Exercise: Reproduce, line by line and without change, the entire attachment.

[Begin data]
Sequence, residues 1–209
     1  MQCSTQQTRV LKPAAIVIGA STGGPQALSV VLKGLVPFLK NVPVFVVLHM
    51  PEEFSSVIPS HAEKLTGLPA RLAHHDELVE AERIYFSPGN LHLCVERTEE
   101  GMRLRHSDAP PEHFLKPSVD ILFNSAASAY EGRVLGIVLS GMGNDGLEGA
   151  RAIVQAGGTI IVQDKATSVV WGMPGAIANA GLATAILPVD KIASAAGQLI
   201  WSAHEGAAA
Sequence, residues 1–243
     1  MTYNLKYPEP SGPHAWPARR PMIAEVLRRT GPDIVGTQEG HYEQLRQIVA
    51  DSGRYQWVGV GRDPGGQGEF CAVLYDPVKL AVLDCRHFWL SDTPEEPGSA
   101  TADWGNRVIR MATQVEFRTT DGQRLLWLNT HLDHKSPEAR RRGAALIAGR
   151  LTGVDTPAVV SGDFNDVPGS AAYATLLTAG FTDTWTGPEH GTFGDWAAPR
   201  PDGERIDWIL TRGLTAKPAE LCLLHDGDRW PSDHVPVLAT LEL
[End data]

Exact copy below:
Sequence, residues 1–209
     1  MQCSTQQTRV LKPAAIVIGA STGGPQALSV VLKGLVPFLK NVPVFVVLHM
    51  PEEFSSVIPS HAEKLTGLPA RLAHHDELVE AERIYFSPGN LHLCVERTEE
   101  GMRLRHSDAP PEHFLKPSVD ILFNSAASAY EGRVLGIVLS GMGNDGLEGA
   151  RAIVQAGGTI IVQDKATSVV WGMPGAIANA GLATAILPVD KIASAAGQLI
   201  WSAHEGAAA
Sequence, residues 1–243
     1  MTYNLKYPEP SGPHAWPARR PMIAEVLRRT GPDIVGTQEG HYEQLRQIVA
    51  DSGRYQWVGV GRDPGGQGEF CAVLYDPVKL AVLDCRHFWL SDTPEEPGSA
   101  TADWGNRVIR MATQVEFRTT DGQRLLWLNT HLDHKSPEAR RRGAALIAGR
   151  LTGVDTPAVV SGDFNDVPGS AAYATLLTAG FTDTWTGPEH GTFGDWAAPR
   201  PDGERIDWIL TRGLTAKPAE LCLLHDGDRW PSDHVPVLAT LEL